4 Ways To Fund Your Next Home Remodel Project

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We all know that the more modern and up-to-date we can keep our home, the higher the value we can command from it.  We also know that the areas where you’ll see your greatest return on investment are the bedrooms, bathrooms and kitchen so if you’ve already done your homework on how much your home will be worth after you invest a considerable amount of money into it then you’re halfway through the hard part, but now you have to determine how you’re going to pay for the work to get done.

Here are 5 obvious, and not-so-obvious, ways to get your projects funded to get your home looking new and modern while also investing wisely.  These sources are by no means the only sources of funding, but are ones you possibly didn’t even know existed.

Cash

As they say, cash is king, and it is definitely one way to go about getting your improvement project started, but most families do not have $40k-$50k available in liquid cash to put into their home where they may see the return in a few years down the road.  While we certainly do not encourage consumer debt, you may want to take a strong consideration into other investments you could put that money in and get a better return, especially as we discuss the other funding options.

If you’ve made up your mind that you want to use your cash to fund the entire transaction then we’d recommend getting solid referrals to reputable contractors and creating completion milestones to pay once the work is done.  Do not ever hand over one lump sum payment to the contractor for the entire job, that’s a dangerous move. That might be ok to do with an appliance repairman who is looking at your fridge, but not with a contractor who is replacing an entire kitchen for you

HELOC

A Home Equity Line of Credit, or HELOC for short, allows you to tap into the equity you’ve built up in your home to make your needed repairs.  Just like the name sounds, it’s a revolving line of credit that uses the same concept as your personal credit cards. You can pull from it, up to the allowed credit limit, and then you pay the money back over time.  

The maximum amount you can take out on a HELOC usually caps out around 90% of the market value of your home, less any balances owed on your home.  As an example, If the market value of your home was $400,000 and you owed $250,000 on the mortgage then the most you would be able to borrow, assuming a 90% loan to value ratio, would be $110,000.  This is a sizeable amount, so you don’t want to be reckless with those funds, but if you needed to make other repairs then you would be able to take out more. HELOCs are flexible as your payment timeline can range anywhere from 10-30 years so payments would be relatively low, but interest on a HELOC tends to be higher than other options on this list.  Also, A HELOC is a second mortgage so defaulting on a HELOC can put your home in jeopardy for foreclosure.  

Cash Out Refinance

As the name implies, this is a complete refinance of your mortgage so you’ll need to find a new lender who can assist with this.  This can benefit you if interest rates are now lower than what they were when you first purchased your home. You’ll also need equity in the house as that’s how you’re going to be able to pull out cash from the refinance.  Essentially, you’re tapping into some of your equity through the refinance. Typically a lender is willing to distribute up to 90% of the value of the home.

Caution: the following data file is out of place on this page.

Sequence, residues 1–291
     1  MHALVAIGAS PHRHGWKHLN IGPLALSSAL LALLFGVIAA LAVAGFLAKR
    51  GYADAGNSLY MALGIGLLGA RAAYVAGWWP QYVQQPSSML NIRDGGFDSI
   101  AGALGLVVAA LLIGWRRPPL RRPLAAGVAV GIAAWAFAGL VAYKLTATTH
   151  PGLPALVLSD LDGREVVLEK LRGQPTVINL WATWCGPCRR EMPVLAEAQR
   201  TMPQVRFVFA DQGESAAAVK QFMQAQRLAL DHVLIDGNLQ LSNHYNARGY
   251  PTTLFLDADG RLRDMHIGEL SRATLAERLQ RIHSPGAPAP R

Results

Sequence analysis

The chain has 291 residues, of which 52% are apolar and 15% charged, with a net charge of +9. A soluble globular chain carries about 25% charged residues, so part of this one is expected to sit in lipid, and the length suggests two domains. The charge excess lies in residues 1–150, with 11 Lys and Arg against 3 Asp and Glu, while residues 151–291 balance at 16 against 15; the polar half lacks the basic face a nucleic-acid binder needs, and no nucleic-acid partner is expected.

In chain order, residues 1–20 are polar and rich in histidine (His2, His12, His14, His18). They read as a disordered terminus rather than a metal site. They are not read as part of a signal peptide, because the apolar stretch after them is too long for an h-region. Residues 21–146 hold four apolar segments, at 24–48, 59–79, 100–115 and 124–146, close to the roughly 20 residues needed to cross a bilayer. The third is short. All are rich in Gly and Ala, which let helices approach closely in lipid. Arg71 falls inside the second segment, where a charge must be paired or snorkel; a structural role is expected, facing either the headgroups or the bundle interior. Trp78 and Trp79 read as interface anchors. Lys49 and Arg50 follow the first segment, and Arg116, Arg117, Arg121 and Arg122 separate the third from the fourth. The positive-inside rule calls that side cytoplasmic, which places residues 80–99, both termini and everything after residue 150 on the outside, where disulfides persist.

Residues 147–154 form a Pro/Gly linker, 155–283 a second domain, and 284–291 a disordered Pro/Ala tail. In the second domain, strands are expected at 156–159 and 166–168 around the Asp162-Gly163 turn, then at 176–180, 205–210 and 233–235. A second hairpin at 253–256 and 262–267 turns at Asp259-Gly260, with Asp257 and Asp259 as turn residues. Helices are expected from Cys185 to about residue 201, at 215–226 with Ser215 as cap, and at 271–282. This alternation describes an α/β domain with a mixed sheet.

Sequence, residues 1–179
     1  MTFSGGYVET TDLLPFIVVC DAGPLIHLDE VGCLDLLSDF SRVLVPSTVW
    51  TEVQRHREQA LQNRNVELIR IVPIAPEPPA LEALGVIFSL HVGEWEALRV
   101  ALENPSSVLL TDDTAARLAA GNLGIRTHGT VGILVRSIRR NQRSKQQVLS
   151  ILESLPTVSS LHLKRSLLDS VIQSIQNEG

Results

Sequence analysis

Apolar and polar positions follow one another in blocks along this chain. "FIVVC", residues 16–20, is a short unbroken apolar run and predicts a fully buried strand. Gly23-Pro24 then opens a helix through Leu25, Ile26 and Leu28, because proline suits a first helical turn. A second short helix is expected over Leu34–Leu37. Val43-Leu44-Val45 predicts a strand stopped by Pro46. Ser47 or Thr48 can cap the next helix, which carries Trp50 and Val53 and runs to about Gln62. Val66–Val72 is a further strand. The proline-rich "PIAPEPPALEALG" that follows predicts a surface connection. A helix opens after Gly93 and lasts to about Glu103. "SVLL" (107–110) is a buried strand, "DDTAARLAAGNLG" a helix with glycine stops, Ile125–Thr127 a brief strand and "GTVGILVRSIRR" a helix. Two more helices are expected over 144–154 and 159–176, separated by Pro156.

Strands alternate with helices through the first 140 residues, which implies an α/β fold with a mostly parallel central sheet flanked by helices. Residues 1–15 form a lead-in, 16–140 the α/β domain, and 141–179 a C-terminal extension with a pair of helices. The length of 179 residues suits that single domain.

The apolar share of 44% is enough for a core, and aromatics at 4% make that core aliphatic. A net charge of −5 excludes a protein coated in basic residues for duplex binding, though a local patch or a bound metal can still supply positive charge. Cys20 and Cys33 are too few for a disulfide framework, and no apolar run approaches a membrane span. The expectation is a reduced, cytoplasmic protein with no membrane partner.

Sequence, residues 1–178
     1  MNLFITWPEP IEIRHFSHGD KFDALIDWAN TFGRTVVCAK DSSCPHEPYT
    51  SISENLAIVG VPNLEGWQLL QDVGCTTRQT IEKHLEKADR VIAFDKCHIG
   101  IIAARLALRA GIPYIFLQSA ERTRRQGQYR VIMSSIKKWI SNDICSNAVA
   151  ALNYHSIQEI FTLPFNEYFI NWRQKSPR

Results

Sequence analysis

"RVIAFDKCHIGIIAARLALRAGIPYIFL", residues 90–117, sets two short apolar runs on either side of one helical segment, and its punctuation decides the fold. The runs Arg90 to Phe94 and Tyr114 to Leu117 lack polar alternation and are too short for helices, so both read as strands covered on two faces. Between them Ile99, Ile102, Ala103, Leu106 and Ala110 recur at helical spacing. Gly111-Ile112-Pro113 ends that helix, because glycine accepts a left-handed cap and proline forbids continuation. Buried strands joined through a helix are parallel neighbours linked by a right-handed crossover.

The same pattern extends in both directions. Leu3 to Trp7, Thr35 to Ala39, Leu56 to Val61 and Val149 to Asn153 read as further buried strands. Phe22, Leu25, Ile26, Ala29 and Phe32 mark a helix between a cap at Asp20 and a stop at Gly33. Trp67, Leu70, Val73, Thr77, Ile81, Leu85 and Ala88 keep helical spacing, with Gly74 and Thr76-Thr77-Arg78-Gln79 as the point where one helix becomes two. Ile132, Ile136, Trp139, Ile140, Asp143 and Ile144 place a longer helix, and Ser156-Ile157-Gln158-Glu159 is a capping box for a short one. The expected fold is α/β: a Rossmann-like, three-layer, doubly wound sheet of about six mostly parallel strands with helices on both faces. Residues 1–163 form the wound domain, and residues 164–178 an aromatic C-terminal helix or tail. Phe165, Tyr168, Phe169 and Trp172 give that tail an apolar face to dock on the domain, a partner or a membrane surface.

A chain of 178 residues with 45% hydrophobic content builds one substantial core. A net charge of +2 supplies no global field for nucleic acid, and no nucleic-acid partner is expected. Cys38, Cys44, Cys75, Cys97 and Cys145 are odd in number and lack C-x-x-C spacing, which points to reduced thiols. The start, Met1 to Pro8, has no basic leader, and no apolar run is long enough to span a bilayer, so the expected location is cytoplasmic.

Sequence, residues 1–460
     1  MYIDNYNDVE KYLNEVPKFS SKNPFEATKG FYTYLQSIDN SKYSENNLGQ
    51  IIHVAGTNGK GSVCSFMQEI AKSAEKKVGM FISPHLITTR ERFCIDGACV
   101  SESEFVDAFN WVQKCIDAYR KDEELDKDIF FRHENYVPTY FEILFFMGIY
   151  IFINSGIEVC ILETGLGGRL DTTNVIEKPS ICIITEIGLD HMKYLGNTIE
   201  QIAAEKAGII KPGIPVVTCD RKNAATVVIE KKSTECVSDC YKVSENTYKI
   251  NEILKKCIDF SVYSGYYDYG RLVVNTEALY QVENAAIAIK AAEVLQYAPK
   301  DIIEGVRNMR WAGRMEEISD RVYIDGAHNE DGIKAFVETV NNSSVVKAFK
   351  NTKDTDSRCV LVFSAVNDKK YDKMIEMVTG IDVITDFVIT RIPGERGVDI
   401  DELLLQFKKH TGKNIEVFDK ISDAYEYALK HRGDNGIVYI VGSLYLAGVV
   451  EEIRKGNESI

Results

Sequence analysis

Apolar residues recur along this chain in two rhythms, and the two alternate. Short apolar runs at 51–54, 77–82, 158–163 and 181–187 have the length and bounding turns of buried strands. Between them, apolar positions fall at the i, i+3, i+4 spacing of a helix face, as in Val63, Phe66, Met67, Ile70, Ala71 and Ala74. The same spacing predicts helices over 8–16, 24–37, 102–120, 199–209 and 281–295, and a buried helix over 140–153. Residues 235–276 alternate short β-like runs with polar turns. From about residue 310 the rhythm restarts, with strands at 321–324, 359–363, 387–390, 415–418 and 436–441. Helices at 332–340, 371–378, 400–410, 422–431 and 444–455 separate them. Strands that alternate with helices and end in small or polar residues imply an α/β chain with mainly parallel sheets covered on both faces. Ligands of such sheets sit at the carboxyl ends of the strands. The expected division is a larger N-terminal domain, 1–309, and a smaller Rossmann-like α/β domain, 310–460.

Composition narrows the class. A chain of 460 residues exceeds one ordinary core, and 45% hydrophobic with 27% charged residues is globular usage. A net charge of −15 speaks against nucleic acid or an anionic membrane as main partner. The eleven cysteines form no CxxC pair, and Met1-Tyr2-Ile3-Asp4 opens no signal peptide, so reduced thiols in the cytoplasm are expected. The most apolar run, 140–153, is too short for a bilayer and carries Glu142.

In this example, if your home was worth $500,000 but you only owed $350,000 then you would be able to walk away with a $100,000 check at closing.  The appeal to this option is another low interest rate on your home (and on the loan) but you also tend to have low monthly payments as they can be extended out for up to another 30 years.  If you did happen to have some cash savings that you wanted to couple with this method, it’s something you would be able to do.

Renovation Loans

This loan is a great alternative to the other mentioned as it is very similar in the way the funds are paid back, however, the main difference between this option and the others is that loan amount available to you is based on the future value of your home, not the present value.  In this example lets say that your home is currently worth $200,000 but with $75,000 worth of renovations and repairs the house would be worth $350,000. If the lender allows you to take up to 90% of the after repair value (ARV) less any balances owed then you would be able to take out up to $115,000.

This loan does have some tighter requirements (these requirements are better if you’re new to the home remodeling game) such as, you’re allowed to complete some of the lighter, more DIY type of work, but the majority of the work must be completed by a licensed contractor.  Payments are disbursed to the contractor after they complete specific milestones on the job and all the material and man hours must be accounted for before you see any funds. For those that are uncomfortable dealing directly with a licensed remodeling contractor then this will put you more at ease as it is a requirement by the lender, not by you.

Whichever route you decide to take, having some extra cash set aside for any hurdles that arise is always a smart choice.  Being tight for cash is never a good thing as it can sway you to make decisions you would have otherwise not have wanted to make, but knowing your options and deciding on the right funding option can be a slam dunk option if you’re ready to take on the risk.